I’m not sure if you’ve hiked the Northville-Placid Trail, or the Long Trail, but either of those would provide you with opportunities to meet like minded folks who might be interested in an adventure out west with you.

Lastly, I’m really bothered by your use of the term “SERIOUS” backpackers. What do you really mean by that? I love backpacking and day hiking and canoeing and my intention with all of them is to have fun and enjoy my time out there, wherever that may be. So, what exactly do you mean by “SERIOUS”?

I guess what I meant by serious is "next level"...or much larger endeavors than a single overnight or holiday weekend somewhere in the very densely populated and overly developed northeast. I probably didn't make myself clear.

See, I'm not interested in single overnight non-wilderness or barely wilderness backpacking trips....and I guess that's a bit of a catch 22 because if I don't do those I guess 'm not expanding my network of backpacking friends. But it just seems like most people wouldn't or couldn't do a 10 day Thorofare trip...so it's hard to get up the motivation to bother doing not very interesting local trips to meet people that don't want to do or can't do bigger trips. I guess I'm looking for needles in a haystack and I gotta find a way to be more successful with that.

Having said that, I've done 4 day trips in the Adirondacks and have had "getting everything to fit" / "bringing too much" problems so if I get to do these longer trips I aspire to I will REALLY have to dial in what I bring and what stays. Maybe I'll have to accept that I'll be sticky sweaty and not have non sticky sweaty clothes to put on, although that drives me bonkers and I always want to feel clean going to sleep so I usually stay near water and swim or wipe down good with a wash cloth before getting into my sleep clothes. But what can an additional shirt and socks that I wash and dry and rotate weigh? The real challenge for a longer trip is food and fuel quantity and volume.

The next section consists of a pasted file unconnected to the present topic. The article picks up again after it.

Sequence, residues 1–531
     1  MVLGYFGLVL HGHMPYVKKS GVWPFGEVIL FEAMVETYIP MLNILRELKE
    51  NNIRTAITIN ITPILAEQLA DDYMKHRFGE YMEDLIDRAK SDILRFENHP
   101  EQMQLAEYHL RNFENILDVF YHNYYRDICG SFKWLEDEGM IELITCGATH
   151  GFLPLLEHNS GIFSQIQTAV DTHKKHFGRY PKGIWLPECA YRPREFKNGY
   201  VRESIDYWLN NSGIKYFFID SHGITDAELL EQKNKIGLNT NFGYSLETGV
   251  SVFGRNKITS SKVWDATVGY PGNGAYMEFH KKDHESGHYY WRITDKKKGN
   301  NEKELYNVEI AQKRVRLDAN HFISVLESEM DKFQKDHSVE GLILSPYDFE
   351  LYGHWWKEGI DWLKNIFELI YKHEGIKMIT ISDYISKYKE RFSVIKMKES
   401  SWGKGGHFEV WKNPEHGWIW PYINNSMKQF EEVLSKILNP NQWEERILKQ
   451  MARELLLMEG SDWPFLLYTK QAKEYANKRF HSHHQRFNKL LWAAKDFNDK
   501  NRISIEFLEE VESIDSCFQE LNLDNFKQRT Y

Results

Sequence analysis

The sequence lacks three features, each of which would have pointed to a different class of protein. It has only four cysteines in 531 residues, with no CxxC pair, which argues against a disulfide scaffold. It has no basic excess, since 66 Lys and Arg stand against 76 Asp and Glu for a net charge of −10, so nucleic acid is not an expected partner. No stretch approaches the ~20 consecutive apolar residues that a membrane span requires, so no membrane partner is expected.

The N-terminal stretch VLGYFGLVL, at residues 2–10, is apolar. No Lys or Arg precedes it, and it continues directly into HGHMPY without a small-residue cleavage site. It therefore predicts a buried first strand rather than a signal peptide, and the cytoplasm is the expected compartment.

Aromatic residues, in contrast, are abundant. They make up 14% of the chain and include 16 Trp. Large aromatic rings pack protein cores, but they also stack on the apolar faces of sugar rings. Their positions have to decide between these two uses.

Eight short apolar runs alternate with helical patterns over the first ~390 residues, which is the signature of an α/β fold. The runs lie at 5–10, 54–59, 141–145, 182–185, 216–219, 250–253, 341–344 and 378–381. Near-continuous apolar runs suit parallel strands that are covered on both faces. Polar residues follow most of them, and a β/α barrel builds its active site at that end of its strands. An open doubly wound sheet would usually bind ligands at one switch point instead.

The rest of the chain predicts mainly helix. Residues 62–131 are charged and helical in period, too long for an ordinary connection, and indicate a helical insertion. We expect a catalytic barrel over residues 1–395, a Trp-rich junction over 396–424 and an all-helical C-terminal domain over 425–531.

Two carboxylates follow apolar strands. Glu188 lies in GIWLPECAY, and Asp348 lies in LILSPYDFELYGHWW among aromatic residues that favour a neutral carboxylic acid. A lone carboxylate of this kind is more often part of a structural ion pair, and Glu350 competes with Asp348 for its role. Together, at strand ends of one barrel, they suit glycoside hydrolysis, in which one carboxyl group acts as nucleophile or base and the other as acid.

kwc

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@forest dweller
I suggest a backpacking trip on the AT in the 100 mile wilderness in Maine. Consider it a shakedown hike. If you’re having trouble dialing in on your backpacking kit with your current 4 day adventures, heading out to Yellowstone or wherever out west and trying to dial it in out there is a recipe for trouble IMHO.
Or try hiking the Long Trail SOBO from the northern terminus. I think you’ll find it much less “developed” than you think. Another potential shakedown hike, learning what does and doesn’t work for a trip longer than 4 days.
 

TheMountainRabbit

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I guess what I meant by serious is "next level"...or much larger endeavors than a single overnight or holiday weekend somewhere in the very densely populated and overly developed northeast. I probably didn't make myself clear.

See, I'm not interested in single overnight non-wilderness or barely wilderness backpacking trips....and I guess that's a bit of a catch 22 because if I don't do those I guess 'm not expanding my network of backpacking friends. But it just seems like most people wouldn't or couldn't do a 10 day Thorofare trip...so it's hard to get up the motivation to bother doing not very interesting local trips to meet people that don't want to do or can't do bigger trips. I guess I'm looking for needles in a haystack and I gotta find a way to be more successful with that.